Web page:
Lessons From a Blind Dog

Two years ago we adopted a blind coonhound whose name was Priscilla when we met her at All Breed Rescue. Little was known about her. She came to Vermont from a shelter in the south; she had had puppies just before making that transition, though none of them survived. She was about 5 or 6 years old, and she was missing one eye. The other eye was clouded over by what we though might be a cataract condition, but we later learned was scar tissue. 

We renamed her Daisy Mason, paying homage to the magnificent woman who was the housekeeper in the home where I lived and worked in Kentucky for many happy teenage summers. Daisy Mason, the woman, was small of stature but large of personality. She worked her way, daily, through the southern mansion inhabited by the wonderful Jones family, with grace and always, always, humming a tune. Miss Daisy Mason, like her canine namesake, was loyal, loving and peaceful. A true southern grande dame survivor.

Though the story of her past remains a mystery to us, Daisy has taught us that it doesn't matter. It doesn't matter that she may have been neglected or abused. She probably was, and yet she shows no signs whatsoever of having gone through those hard times. She lives each day as if she has no memory -- a deep and powerful blessing. Last year, after living with us for just eight months, Daisy made it through the difficult testing process to become a member of the Therapy Dogs of Vermont family, proving that though one may have been "disabled," displaced or mistreated, one has the capacity to turn those struggles into something beautiful. Daisy, once abused, is one of the most powerful healers I know.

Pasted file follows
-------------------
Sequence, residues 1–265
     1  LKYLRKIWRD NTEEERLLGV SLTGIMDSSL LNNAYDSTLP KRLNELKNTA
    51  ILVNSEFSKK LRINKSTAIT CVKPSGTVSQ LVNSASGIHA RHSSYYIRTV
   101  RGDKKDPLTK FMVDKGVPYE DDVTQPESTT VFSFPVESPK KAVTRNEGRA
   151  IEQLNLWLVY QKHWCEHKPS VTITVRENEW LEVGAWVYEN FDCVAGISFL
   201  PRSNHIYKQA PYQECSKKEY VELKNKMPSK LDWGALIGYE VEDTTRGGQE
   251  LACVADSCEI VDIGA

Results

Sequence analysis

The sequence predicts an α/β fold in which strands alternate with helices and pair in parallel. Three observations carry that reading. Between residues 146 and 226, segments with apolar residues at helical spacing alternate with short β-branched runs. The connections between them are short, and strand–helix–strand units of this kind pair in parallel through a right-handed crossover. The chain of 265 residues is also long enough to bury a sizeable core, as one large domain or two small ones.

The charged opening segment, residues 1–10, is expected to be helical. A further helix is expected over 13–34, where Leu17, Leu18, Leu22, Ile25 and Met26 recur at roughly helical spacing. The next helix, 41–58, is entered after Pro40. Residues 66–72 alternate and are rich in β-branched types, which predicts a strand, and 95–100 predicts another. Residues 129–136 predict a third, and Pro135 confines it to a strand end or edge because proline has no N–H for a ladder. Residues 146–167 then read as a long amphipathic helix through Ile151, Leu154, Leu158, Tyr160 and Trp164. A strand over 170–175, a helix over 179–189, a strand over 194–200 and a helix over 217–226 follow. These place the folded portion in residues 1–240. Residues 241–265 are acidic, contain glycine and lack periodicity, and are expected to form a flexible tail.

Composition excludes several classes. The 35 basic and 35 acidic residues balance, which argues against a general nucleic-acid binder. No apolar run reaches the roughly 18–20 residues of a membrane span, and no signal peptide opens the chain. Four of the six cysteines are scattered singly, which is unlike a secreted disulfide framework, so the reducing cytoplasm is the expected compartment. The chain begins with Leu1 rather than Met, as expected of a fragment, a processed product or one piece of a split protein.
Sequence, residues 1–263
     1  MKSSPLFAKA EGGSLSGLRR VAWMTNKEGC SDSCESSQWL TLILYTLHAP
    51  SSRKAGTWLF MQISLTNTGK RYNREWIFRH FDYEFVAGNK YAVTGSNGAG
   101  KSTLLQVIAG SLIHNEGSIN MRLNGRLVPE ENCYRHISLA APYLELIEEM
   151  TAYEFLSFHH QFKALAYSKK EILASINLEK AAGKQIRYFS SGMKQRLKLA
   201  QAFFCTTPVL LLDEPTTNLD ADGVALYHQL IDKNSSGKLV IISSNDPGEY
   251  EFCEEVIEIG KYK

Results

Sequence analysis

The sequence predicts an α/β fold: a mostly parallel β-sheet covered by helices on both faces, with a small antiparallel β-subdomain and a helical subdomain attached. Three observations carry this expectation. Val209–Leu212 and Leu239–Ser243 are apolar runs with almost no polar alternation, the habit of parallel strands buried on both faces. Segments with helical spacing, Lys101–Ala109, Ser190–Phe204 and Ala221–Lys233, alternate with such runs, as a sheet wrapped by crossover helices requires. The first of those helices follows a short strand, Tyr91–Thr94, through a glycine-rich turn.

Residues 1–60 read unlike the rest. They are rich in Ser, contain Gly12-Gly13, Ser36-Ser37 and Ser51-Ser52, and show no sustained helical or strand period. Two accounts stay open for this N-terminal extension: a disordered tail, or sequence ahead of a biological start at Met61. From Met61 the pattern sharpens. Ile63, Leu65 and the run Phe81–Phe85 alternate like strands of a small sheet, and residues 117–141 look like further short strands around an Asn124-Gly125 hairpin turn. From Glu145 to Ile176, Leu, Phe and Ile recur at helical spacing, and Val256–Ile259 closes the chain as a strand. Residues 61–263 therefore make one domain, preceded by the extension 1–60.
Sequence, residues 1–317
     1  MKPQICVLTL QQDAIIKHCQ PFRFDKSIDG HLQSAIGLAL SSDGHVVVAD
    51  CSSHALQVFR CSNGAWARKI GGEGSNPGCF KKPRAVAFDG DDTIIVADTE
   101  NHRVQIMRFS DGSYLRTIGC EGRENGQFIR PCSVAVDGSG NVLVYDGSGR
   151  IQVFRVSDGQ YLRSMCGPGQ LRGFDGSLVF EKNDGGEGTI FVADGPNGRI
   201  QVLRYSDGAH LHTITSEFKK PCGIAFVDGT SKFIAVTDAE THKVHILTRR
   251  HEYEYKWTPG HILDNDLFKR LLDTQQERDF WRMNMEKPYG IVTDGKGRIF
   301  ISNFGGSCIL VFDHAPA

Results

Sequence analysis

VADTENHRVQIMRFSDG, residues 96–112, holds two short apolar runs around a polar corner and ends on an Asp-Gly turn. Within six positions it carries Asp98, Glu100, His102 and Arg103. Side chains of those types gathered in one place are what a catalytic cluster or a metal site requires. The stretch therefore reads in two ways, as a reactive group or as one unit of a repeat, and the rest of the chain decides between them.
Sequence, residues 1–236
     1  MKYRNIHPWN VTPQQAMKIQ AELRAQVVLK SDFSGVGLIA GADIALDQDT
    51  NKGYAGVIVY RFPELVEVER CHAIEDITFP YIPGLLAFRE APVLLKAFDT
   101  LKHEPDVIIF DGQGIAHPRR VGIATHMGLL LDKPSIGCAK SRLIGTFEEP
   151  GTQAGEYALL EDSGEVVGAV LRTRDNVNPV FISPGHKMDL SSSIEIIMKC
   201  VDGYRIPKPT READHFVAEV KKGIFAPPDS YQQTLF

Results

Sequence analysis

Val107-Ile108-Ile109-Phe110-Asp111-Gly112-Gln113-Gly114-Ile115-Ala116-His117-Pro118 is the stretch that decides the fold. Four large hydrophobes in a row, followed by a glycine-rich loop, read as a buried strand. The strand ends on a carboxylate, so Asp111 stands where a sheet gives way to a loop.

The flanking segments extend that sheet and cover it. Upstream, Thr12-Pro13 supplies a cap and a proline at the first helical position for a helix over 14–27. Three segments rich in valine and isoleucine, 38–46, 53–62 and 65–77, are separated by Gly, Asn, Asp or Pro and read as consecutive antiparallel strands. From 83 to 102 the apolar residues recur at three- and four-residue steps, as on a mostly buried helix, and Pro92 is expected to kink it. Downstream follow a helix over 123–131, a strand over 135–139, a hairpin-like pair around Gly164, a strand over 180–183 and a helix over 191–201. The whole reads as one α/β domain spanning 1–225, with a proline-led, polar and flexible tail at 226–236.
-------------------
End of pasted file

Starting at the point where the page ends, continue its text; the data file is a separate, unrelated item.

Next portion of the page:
Lessons From a Blind Coonhound

  • Let go of the past. Right now. It is done, it is over and if you drag it with you into today, you will miss the opportunity to receive the loving gestures that have arrived. You will miss noticing that the world is on your side.
  • Howl when the spirit moves you. It doesn't have to be pretty; that's not the point
  • Sit and stay are way overrated.
  • Be of service. Even the most impoverished among us have something to offer. Do not spend your life in victimhood. Get yourself to the nearest nursing home or hospital or school and be with people who need you.
  • Trust. The world will let you down, beat you down, turn you around and spit you out. Even when it feels like a bad idea, keep trusting. Eventually someone who believes in you is going to come along and you will to want to be open and ready to receive that pass.
  • Be still. Be patient with the humans around you, especially the ones who think they know everything.
  • Though someone may have hurt you, be loving, be gentle. Teach everyone, by virtue of your own behavior, how to be better.
  • It is absolutely, positively NOT a waste of time to lay down upon a warm slate tile on a sunny day.
  • Even if your best friend looks and acts nothing like you, love him anyway. He may be an overweight, food-thieving brown Lab, but he loves being with you and that's enough.
  • Though you may not be able to see what's up ahead, go there anyway. For certain you are going to bonk into some obstacles, but keep going. Go with curiosity and glee. Walking tethered to someone else's lead might be safer, but running ahead on your own is far more satisfying. And fun. Discover for yourself the wonders of the world.